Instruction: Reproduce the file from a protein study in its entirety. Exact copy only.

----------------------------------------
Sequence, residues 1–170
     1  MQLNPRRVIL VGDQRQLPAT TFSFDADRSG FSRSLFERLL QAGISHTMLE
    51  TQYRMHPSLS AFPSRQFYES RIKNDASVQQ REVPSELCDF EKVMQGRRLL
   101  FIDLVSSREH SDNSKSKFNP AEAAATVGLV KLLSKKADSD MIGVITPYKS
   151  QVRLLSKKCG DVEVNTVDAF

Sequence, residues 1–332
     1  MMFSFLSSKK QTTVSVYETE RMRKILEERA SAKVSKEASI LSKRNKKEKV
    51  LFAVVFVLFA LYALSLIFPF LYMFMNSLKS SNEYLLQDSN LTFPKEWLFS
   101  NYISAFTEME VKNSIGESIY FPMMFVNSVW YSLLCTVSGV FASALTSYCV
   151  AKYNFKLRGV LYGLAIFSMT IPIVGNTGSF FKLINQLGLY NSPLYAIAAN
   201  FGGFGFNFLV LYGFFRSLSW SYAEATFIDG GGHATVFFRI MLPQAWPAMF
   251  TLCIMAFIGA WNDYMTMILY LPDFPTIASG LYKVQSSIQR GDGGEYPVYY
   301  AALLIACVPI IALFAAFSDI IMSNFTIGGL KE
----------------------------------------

Sequence, residues 1–170
     1  MQLNPRRVIL VGDQRQLPAT TFSFDADRSG FSRSLFERLL QAGISHTMLE
    51  TQYRMHPSLS AFPSRQFYES RIKNDASVQQ REVPSELCDF EKVMQGRRLL
   101  FIDLVSSREH SDNSKSKFNP AEAAATVGLV KLLSKKADSD MIGVITPYKS
   151  QVRLLSKKCG DVEVNTVDAF

Sequence, residues 1–332
     1  MMFSFLSSKK QTTVSVYETE RMRKILEERA SAKVSKEASI LSKRNKKEKV
    51  LFAVVFVLFA LYALSLIFPF LYMFMNSLKS SNEYLLQDSN LTFPKEWLFS
   101  NYISAFTEME VKNSIGESIY FPMMFVNSVW YSLLCTVSGV FASALTSYCV
   151  AKYNFKLRGV LYGLAIFSMT IPIVGNTGSF FKLINQLGLY NSPLYAIAAN
   201  FGGFGFNFLV LYGFFRSLSW SYAEATFIDG GGHATVFFRI MLPQAWPAMF
   251  TLCIMAFIGA WNDYMTMILY LPDFPTIASG LYKVQSSIQR GDGGEYPVYY
   301  AALLIACVPI IALFAAFSDI IMSNFTIGGL KE